Bureaucratic restrictions and targetted investigations undermine free expression, activism


The closure of a prominent print and online publication has raised concerns that media freedom is on the decline in Nepal. On 24th August, regional publication Himal Southasian announced that they had been forced out of operation by a campaign of bureaucratic restrictions. The magazine, which promotes cross-border journalism, stated: 

"Reflecting the trend in other parts of Southasia in terms of independent media and civil society organisations, Himal is being silenced not by direct attack or overt censorship but the use of the arms of bureaucracy to paralyse its functioning. Though Nepal has been a leader of free press since the introduction of democracy in 1990, continuous socio-political chaos over two decades has progressively weakened the commitment of the political class to open society."

The outlet went on to state that its closure was due to the ‘non-cooperation of the regulatory state agencies’. Himal was starved of finances, as authorities failed to approve grants for no particular reason or suspended international payments citing arbitrary bureaucratic restrictions. Furthermore, authorities also made obtaining work permits for non-Nepali staff impossible, leaving Himal with a dwindling workforce and no option other than to close. 

In another worrying development, journalist and publisher Kunda Dixit was forced into exile after an investigation by the the Commission for the Investigation of Abuse of Authority (CIAA). Dixit gained prominence after an illustrious career in journalism, which included training other investigative journalists across South Asia. Some local journalists and editors say Dixit's situation highlights growing government pressure on journalists in order to censor them from publishing anything critical of the authorities, even if that criticism is fairly reported.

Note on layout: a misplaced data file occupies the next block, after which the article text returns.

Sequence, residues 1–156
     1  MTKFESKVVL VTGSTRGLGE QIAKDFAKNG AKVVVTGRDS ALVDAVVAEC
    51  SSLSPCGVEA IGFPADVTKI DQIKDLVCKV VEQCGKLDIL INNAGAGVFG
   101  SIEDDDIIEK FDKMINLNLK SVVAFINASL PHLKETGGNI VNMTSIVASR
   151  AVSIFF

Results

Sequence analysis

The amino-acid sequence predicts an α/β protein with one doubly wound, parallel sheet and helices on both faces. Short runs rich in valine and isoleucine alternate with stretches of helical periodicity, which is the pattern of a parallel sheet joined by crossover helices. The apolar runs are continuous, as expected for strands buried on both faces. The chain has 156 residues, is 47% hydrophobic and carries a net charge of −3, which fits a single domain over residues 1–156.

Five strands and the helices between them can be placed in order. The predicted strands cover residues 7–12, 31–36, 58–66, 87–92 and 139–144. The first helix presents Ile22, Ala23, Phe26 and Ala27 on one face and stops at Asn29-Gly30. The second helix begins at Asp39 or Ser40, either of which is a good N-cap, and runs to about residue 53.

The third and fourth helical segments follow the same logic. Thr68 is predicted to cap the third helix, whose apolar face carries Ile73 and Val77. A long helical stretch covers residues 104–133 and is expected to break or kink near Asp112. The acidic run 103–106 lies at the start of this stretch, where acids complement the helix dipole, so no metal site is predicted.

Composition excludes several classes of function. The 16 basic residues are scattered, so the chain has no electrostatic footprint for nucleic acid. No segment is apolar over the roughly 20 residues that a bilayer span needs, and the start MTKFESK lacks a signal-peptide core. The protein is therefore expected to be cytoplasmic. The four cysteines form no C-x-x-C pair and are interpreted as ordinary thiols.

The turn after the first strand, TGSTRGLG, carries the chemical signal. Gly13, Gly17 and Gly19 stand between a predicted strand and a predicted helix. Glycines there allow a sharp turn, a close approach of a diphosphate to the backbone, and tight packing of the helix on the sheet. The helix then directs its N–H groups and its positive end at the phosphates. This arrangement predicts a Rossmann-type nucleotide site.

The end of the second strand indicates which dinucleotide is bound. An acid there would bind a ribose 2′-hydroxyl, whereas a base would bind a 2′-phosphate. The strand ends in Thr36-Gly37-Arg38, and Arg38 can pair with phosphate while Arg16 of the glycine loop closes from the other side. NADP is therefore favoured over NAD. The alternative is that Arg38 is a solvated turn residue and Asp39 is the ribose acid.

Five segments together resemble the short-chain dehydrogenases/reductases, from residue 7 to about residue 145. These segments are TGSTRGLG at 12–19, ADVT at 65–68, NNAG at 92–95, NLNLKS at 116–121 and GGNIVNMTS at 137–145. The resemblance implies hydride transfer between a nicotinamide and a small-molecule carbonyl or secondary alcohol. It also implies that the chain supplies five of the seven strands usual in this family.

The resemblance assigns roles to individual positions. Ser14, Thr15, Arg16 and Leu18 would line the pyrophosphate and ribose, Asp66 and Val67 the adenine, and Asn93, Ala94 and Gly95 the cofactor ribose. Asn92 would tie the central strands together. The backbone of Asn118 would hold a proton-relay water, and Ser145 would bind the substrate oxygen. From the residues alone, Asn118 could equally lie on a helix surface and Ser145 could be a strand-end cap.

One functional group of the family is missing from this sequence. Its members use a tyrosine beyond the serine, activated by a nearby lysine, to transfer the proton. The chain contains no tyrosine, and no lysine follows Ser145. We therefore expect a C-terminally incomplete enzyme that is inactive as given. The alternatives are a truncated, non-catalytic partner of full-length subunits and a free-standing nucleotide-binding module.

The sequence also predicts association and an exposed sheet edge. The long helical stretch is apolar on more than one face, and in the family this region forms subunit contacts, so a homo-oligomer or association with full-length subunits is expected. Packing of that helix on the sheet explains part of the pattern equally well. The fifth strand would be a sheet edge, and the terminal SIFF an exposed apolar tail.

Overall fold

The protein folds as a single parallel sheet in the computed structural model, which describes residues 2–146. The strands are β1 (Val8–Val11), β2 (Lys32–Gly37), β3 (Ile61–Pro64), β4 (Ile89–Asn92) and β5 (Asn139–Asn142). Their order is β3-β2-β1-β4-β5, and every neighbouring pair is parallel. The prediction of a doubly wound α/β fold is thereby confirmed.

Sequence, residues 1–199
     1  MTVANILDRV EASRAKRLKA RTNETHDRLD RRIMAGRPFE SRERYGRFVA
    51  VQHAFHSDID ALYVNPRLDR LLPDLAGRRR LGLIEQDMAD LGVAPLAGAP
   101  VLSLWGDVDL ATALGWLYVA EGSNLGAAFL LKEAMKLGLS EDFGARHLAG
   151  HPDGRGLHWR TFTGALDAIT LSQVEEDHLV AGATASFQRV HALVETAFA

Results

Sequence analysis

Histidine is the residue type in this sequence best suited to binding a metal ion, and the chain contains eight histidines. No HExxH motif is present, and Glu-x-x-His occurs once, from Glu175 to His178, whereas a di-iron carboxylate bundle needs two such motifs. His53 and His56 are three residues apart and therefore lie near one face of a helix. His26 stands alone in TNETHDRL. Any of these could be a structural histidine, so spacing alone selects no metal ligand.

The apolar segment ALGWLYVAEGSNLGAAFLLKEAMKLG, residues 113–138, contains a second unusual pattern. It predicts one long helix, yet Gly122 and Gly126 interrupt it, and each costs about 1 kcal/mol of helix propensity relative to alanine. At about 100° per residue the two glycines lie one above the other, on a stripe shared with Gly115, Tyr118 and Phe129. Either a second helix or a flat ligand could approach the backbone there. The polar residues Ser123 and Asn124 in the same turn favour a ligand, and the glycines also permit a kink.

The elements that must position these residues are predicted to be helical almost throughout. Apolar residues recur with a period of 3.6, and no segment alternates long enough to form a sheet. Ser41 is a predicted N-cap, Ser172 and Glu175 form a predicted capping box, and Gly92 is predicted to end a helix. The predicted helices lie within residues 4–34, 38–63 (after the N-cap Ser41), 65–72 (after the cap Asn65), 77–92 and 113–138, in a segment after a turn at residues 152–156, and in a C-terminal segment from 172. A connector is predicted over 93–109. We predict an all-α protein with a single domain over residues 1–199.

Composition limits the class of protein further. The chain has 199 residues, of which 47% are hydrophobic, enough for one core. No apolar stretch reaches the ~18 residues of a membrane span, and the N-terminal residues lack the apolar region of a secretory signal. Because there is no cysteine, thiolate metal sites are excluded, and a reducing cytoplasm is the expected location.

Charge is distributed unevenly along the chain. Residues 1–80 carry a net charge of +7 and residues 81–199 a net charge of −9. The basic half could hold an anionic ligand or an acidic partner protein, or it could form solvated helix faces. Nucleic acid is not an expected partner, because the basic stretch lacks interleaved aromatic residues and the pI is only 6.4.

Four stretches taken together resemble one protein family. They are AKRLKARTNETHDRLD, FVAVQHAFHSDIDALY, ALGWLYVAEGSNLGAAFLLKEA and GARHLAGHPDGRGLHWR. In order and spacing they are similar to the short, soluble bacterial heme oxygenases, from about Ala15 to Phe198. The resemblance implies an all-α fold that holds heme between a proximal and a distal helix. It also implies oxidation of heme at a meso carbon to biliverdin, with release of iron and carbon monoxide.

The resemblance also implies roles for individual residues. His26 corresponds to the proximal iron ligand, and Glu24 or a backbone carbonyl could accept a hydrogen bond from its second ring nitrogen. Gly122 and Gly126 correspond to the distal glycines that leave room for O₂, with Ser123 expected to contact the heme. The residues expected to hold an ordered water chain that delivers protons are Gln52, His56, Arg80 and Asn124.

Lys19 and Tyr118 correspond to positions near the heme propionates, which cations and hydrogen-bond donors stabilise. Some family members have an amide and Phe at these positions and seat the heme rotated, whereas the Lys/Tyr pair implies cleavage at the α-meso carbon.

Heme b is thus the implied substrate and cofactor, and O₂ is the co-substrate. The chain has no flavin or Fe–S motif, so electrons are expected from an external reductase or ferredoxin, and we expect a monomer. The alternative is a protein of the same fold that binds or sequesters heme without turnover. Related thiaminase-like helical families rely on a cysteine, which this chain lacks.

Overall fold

Nepali authorities are investigating a prominent civil society organisation for misappropriation of funds. The CIAA has opened an inquiry into mismanagement of funds at Social Science Baha, a leading non-government research organisation and an affiliate - the Alliance for Social Dialogue. The CIAA also issued a statement on 25th September asking the District Administration Office of Lalitpur to take action against the organisation. According to national daily Kantipur, the CIAA's allegation against the Social Science Baha was biased and targeted in an attempt to defame its officials. Many civic groups fear that the CIAA has the potential to be used to selectively to target critical CSOs through heavy-handed investigations. Social Science Baha strongly refutes any wrongdoing.

Peaceful Assembly

On 14th August, a group of activists campaigning for good governance registered a complaint with the CIAA seeking information about the property details of the Chief Commissioner Lokman Singh Karki. The civic group wanted to ensure that Mr. Karki was adhering to same financial declaration procedures that were applicable to CSOs. The CIAA not only refused to register the application but called the security forces to detain nine of the activists. The security forces detained the nine activists for four hours. Many civic groups feel that the Nepali authorities' actions are symptomatic of deeply rooted corruption within the CIAA. The CIAA chief, Lokman Singh Karki was subsequently impeached on 23rd October in an unprecedented move by Nepal's parliament after his eligibility to hold office was questioned.